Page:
In bygone centuries, an individual’s reputation could control social standing, inheritance or whether he or she could secure a suitable spouse. Often, however, it was possible to escape an unsavory or unfairly earned reputation by simply moving to a new location.
Businesses in that era found it easier to manage their reputations. News was not widely disseminated, so although an unhappy customer might tell a few friends about a company’s mistreatment, criticisms were rarely heard. With the advent of radio and television, however, businesses began to realize that it was essential to control their public image. Marketing firms blended advertising and public relations to help companies control their brand’s reputation and build goodwill among consumers.
Simple solutions for both individuals and companies fell by the wayside with the growth of the Internet. Suddenly, anyone with an ax to grind could potentially have his or her voice heard by millions of people around the world. Whether the issues were factual, a fanciful work of fiction or just a one-sided account, the post could still become a permanent fixture, appearing in search engine results whenever anyone searched a company’s or individual’s name.
As is common with any technological advance, there soon appeared unscrupulous companies who sought to exploit the freedom to say virtually anything about anyone. Within a few years, sites appeared that would manufacture negative “news” online and then charge their victims to remove it. Companies discovered groups that would make up reviews and post them online for a fee, whether the hiring company wanted bogus positive reviews about itself or bogus negative reviews about the competition. Those who suffered disparaging posts had little recourse; lawsuits were sometimes successfully settled on behalf of the offended party, but the victory was often hollow as the content typically never went away completely.
The explosion of the social media sites only complicated matters. Users began to rely heavily on what their friends and connections had to say about a brand, movie, style or product when making a decision. Where word-of-mouth once reached 20 or 30 people at most, it could now reach 200, 2,000 or more within mere seconds. The principle of free speech provided users with the ability to make any comment they chose about any topic they chose without having their comments censored, redacted or corrected.
In the early days, companies often ignored the social sites, considering them useless “fluff” sites that were beneath their corporate dignity. They did not develop a social media strategy until it became obvious that they needed to embrace social marketing. Even then, little or no thought was given to managing their social reputation.
It is often said that the total can be greater than the sum of its parts. This statement is especially applicable to online reputations. Taken individually, a disparaging comment on a social media site, a negative review in an online forum or a biting criticism authored by a competitor might cause little damage. Taken together, the damage can be significant. Suppose, for example, that all three of these posts show up on the first page when someone searches for a name. What impression will the user have of the company’s integrity or a product’s quality?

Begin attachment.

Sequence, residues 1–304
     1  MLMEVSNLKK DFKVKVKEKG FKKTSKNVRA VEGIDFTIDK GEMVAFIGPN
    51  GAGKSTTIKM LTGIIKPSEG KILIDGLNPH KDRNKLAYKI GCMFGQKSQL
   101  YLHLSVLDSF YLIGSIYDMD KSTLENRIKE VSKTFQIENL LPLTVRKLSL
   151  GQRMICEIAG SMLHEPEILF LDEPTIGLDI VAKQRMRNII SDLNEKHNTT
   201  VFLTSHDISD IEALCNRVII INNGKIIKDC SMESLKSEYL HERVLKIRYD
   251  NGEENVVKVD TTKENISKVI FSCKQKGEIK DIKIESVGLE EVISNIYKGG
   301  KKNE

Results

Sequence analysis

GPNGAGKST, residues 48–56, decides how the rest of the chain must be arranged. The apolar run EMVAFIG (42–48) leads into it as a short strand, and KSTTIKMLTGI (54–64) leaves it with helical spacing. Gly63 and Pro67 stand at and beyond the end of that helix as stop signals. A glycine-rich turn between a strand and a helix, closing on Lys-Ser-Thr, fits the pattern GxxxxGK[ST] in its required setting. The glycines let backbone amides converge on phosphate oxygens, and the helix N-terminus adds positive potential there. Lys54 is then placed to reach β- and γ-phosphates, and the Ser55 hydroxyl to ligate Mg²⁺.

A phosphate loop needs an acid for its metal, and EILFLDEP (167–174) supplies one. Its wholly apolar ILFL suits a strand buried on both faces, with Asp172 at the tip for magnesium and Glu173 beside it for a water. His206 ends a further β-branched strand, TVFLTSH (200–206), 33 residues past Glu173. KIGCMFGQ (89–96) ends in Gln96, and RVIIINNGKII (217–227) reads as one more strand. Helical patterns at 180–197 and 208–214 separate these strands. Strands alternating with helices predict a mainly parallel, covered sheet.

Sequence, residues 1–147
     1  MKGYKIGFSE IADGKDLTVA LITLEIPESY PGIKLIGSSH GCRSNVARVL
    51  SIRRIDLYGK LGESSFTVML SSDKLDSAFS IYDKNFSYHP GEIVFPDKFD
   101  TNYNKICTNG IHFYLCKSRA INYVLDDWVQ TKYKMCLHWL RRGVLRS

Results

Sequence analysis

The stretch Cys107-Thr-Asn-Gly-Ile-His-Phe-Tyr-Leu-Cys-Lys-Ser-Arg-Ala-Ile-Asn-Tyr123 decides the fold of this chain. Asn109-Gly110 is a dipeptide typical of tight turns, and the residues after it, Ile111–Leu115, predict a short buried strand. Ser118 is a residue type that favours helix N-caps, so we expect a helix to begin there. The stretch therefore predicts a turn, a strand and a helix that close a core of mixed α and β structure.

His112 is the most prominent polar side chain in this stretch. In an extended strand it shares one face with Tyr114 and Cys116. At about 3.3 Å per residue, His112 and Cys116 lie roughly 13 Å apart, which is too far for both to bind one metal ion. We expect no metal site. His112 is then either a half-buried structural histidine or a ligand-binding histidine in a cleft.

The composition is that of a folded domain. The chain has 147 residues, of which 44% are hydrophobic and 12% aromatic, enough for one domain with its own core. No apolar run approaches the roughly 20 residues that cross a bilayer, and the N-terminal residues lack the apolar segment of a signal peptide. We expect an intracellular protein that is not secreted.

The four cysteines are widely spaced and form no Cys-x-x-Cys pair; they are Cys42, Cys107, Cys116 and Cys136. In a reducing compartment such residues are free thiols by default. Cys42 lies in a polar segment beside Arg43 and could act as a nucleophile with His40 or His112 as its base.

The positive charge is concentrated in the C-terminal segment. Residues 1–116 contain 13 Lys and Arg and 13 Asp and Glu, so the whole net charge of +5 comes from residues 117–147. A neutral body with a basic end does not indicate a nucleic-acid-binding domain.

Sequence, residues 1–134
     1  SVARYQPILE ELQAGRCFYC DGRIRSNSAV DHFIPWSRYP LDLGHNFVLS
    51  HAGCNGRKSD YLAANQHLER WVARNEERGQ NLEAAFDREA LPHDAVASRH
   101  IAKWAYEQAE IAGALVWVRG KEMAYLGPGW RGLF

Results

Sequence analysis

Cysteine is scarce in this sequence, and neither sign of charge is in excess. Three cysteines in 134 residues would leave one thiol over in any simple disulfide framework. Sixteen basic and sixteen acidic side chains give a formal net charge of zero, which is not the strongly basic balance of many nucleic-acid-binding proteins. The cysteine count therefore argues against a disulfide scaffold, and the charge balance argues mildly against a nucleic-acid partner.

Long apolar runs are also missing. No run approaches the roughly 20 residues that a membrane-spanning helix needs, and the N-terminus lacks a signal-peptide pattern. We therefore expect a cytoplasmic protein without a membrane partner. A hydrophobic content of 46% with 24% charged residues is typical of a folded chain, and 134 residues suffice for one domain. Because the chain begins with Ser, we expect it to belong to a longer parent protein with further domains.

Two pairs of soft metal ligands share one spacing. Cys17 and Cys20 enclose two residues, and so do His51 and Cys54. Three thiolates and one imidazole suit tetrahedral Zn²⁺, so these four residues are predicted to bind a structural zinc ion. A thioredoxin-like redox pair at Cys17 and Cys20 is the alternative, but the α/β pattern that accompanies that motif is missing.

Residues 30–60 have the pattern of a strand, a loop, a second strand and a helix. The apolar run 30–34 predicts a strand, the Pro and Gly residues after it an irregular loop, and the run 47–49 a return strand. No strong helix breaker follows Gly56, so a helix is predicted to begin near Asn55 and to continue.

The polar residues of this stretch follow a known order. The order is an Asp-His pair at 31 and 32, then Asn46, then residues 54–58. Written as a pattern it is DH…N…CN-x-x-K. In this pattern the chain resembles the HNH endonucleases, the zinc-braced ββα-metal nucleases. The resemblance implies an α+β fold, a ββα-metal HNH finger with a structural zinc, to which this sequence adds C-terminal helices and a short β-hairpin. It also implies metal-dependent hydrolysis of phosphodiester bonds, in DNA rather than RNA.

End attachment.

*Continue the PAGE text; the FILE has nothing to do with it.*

Now suppose that the person conducting the search is a potential employer who is vetting an applicant or a current employer considering which employee to promote. If the searcher discovers candid snapshots of the candidate in an inebriated condition or posts from an ex alleging theft, might the candidate’s chances be impacted negatively?
Online reputation management is no longer optional. Any company that wants to be profitable and any individual who wants a successful career must consider what is being said online. This is why 2016 is expected to be the year in which online reputation management becomes more than a vague public-relations catchphrase. Reputation management is going to explode.
Because cleaning up a sullied online reputation requires time, technical knowledge and an understanding of how the Internet truly works, companies offering to provide online reputation management will increase in number. Some will be “white-hatters,” employing legal and ethical methods to serve their clients. Some will be “black-hatters,” resorting to unethical tricks and in some cases, illegal methods that could result in fines or penalties to their clients as well themselves. White-hatters will discover simpler methods of reputation management that are responsive to the ever-changing landscape of the online world without crossing any ethical lines. Most black-hatters will adapt to changes merely by altering their sales pitches.
Perhaps the best news on the horizon is that the unscrupulous sites that are devoted to anonymous negative posts will fall. Consumers are becoming more Internet-savvy and less willing to accept anonymous posts at face value. They are conducting more research than ever and weighing the sources before drawing conclusions.
Solutions for online reputation management will become more plentiful during 2016, but you should make sure that the solution you choose is the best one for your situation. At BrightPast, we have been helping clients manage their online reputations since the 1990s. We have developed proprietary technology and methods that have been successful for hundreds of our clients. Whether you are a corporation, a politician, a celebrity or a professional, we can help. We provide results before you provide payment, unlike some companies that charge you an upfront fee and then never deliver on their promises. Contact us today to discuss your specific situation and learn how we can help you clean up your online reputation.